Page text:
Scooter is moving easily and I allow him to choose his pace.  It is soon evident that he wishes to trot through the heavy sand and up the hills.  He is perfectly willing to walk down the steeper slopes.  This suits me perfectly and we settle in for a pleasant afternoon drive.

I note where the two mile marker is located and continue on without much concern.  We are essentially alone on the trail with all of the drivers following.  The riders are now on the west side from camp and so I am able to just enjoy the scenery and the ebb and flow of Scooter’s pace.

At about 4 miles we come to our first road crossing.  Scooter is a gentleman and stops then waits quietly for the command to walk on.  Another mile and we are at the second road crossing and the water tank.  I offer Scooter the chance to drink which he refuses and we cross the road.  We are in the pines and it is pleasantly cool.  We’ve traveled only a short distance when I notice a pink and white flag.  As I focus on it I note a plate on the tree beside the flag and the notice “10 mile Drive Turn Here”.  I try to make a nice clear turn so that those following will at least see the wheel marks.

As I head back and across the road we have a second opportunity at the water tank.  Scooter is interested and sticks his head down in the tank and takes a drink.  I settle back and get out my own water bottle thinking this is a great opportunity to relax.  As Scooter is taking his drink there is a volley of shots.  Turns out the closest buildings to this crossing is a shooting range!  Although Scooter is used to shooting at home, this startles him.  In my relaxed state I am slow to recover and before I know it the hub of my wheel has caught the tank and overturned it.  This commotion doesn’t bother Scooter who is now totally in control.  Unfortunately, I can’t set the tank upright and get the water back in it!  We head off down the trail and immediately meet Mary on her way to the tank.  I inform her that the tank has been dumped and that she is about ½ mile from the turn around.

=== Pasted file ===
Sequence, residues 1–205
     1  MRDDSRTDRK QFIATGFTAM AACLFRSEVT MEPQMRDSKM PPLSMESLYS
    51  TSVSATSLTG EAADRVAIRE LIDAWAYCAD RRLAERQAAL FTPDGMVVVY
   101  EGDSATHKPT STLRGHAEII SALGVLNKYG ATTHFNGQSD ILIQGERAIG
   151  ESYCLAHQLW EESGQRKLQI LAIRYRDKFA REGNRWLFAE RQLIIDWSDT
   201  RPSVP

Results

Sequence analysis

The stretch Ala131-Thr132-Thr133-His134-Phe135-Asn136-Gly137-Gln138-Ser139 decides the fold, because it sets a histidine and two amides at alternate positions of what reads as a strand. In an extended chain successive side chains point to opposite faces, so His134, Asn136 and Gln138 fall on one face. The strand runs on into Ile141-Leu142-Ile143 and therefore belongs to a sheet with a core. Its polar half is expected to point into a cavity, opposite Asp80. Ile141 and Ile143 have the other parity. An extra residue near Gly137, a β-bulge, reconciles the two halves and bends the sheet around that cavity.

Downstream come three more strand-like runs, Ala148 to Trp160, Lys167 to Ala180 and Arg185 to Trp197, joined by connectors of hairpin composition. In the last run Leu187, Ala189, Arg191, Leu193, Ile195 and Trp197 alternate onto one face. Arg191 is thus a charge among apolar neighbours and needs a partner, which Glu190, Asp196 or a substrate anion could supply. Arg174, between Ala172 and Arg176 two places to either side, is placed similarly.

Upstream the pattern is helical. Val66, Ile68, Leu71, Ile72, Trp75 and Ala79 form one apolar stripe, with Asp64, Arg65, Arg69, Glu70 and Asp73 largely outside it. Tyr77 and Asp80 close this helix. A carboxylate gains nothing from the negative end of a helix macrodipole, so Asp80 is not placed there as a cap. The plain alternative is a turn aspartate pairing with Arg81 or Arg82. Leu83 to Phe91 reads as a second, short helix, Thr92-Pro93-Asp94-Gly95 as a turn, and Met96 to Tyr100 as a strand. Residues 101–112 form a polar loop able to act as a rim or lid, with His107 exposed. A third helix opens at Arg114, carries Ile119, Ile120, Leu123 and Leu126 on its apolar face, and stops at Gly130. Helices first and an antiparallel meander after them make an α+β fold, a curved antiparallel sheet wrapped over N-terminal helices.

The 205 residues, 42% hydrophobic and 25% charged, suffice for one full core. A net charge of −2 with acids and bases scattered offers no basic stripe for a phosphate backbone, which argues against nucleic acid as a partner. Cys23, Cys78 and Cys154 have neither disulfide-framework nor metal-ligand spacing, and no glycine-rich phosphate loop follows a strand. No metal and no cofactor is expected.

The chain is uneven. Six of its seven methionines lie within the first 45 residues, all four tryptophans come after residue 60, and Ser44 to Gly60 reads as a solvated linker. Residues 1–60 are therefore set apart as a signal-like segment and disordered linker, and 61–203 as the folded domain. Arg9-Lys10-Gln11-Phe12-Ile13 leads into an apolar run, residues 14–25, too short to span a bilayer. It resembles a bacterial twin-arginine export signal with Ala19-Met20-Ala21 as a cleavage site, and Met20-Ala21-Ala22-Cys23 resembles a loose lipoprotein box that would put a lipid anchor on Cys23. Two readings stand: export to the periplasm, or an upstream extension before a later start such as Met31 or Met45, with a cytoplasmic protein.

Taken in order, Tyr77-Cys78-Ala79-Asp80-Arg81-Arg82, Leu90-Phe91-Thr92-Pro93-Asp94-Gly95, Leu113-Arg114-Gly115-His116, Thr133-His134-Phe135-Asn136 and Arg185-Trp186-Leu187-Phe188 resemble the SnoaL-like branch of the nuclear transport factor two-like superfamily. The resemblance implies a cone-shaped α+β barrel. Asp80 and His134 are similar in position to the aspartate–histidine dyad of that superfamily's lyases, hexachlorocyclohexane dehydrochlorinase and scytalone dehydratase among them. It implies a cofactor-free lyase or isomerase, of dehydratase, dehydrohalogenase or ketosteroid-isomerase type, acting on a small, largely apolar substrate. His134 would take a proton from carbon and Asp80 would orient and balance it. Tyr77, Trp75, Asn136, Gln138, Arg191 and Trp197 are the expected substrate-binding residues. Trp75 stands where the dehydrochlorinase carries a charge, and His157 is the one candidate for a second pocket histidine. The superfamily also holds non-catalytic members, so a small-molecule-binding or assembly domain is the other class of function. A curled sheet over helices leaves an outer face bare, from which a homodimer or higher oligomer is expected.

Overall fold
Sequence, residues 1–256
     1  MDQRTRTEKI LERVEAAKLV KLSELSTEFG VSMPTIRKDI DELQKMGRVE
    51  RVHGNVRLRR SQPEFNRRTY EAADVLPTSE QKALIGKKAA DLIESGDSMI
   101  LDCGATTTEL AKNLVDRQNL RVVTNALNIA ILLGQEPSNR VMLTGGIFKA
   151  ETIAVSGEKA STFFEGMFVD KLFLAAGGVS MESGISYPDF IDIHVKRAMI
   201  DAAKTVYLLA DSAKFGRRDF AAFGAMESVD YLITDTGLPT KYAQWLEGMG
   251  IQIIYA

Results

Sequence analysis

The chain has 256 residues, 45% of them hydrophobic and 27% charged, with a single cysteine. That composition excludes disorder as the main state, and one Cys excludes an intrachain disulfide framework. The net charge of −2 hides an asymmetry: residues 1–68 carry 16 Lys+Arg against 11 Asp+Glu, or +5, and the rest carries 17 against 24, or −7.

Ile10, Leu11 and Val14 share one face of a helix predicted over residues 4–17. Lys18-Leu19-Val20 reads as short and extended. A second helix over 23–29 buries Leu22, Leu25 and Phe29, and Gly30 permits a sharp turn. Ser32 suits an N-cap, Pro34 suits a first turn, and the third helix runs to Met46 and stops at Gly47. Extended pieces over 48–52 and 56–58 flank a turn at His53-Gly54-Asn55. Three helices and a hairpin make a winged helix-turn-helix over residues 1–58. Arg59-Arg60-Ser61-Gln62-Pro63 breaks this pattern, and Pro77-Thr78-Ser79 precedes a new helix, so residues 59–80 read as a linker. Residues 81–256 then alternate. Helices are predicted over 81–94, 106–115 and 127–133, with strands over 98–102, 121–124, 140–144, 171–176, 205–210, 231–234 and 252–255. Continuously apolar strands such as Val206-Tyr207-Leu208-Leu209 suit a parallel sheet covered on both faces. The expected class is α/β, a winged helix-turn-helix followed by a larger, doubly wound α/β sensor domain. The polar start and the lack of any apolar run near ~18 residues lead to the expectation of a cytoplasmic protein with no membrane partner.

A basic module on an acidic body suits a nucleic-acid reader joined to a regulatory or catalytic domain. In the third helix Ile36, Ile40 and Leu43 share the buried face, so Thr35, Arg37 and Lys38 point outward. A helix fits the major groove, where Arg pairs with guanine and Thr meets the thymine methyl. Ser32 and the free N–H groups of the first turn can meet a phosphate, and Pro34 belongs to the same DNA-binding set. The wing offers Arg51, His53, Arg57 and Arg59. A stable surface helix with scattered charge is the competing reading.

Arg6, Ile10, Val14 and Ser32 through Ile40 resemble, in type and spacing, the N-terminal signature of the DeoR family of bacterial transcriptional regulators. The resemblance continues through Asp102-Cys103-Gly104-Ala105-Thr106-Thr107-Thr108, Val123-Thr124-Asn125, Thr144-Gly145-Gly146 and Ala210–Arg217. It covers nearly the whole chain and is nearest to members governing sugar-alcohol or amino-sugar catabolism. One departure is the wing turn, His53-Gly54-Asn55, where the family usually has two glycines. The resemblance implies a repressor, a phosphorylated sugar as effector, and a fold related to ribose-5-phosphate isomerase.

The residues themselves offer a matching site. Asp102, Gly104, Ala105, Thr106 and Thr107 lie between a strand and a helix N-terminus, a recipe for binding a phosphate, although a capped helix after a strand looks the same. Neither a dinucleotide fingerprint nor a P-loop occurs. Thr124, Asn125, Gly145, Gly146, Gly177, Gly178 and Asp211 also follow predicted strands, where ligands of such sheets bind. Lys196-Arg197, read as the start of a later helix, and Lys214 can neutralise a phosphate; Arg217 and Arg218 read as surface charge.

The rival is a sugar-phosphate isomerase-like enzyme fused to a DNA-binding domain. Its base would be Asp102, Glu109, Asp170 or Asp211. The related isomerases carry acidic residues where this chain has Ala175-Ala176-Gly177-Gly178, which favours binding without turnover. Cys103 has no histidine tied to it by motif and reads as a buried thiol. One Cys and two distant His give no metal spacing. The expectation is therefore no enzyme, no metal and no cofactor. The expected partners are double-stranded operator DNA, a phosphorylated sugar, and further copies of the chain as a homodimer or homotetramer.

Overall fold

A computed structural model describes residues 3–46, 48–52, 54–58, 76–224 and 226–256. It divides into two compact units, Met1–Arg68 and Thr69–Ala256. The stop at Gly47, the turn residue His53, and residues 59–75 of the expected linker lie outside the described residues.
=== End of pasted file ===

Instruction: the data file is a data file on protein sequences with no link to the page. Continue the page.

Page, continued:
It turns out that my directions were not adequate.  Mary misses the turn around and as a result Glenn also misses it.  Both drive for an undetermined distance before turning.

A little later I meet Wes and inform him of the water tank.  He is more familiar with the trail and finds the turn around without incident.

Still further along I meet Claire who has Linda Hartman riding with her.  The point where we meet is difficult and Linda gets out to help guide Carousel Classic to the side of the trail.  I’m able to drive slightly off the trail and pass without incident.

I’ve now met all the drivers and assume I have the trail to myself for the return trip.  We are a little ahead of schedule and I encourage Scooter to walk more on the return trip.  I select the firm footing and relatively level sections of the trail to walk and allow Scooter to trot through the sand and up the hills.  We have just reached the two mile marker and are charging up one of the stony hills when I am startled to see riders ahead of me.  I immediately stop and realize that one of the riders is in a panic at being confronted with a cart.  We agree that I will hold Scooter as long as possible, but on a hill it is difficult for him to stand quietly.  We are able to give them some time to move down the trail before continuing at a walk.

I now ask Scooter to walk up the hills to minimize noise so that I can hear what is ahead.  After proceeding this way for about a mile I hear riders ahead of me again.  I stop and call out asking if everything is OK.  The answer is NO!  I have an unmarked trail leading off to the left and decide that going up that trail a ways will be the safest.  We walk quietly up that trail for ¼ to ½ mile and then find a suitable place to turn around.  Turning I proceed slowly back to the marked trail.  When I reach the junction I again call out to see if they have moved on.  With no reply I assume it is safe to go on.  After a short distance I come to an area with a small meadow and discover the riders dismounted and well off the trail.  I stop and speak to them to be sure everything is OK and warn them that there are 5 other carts coming down that same trail.  They thank me for the warning and I’m able to continue back to camp.

The incidents on the return trip took some of the pleasure out of the drive, but Scooter came in on time and in good condition.  Based on his condition I decided to try the 20 mile on Sunday.

All of the other drivers finished without serious incidents and we had a pretty good day.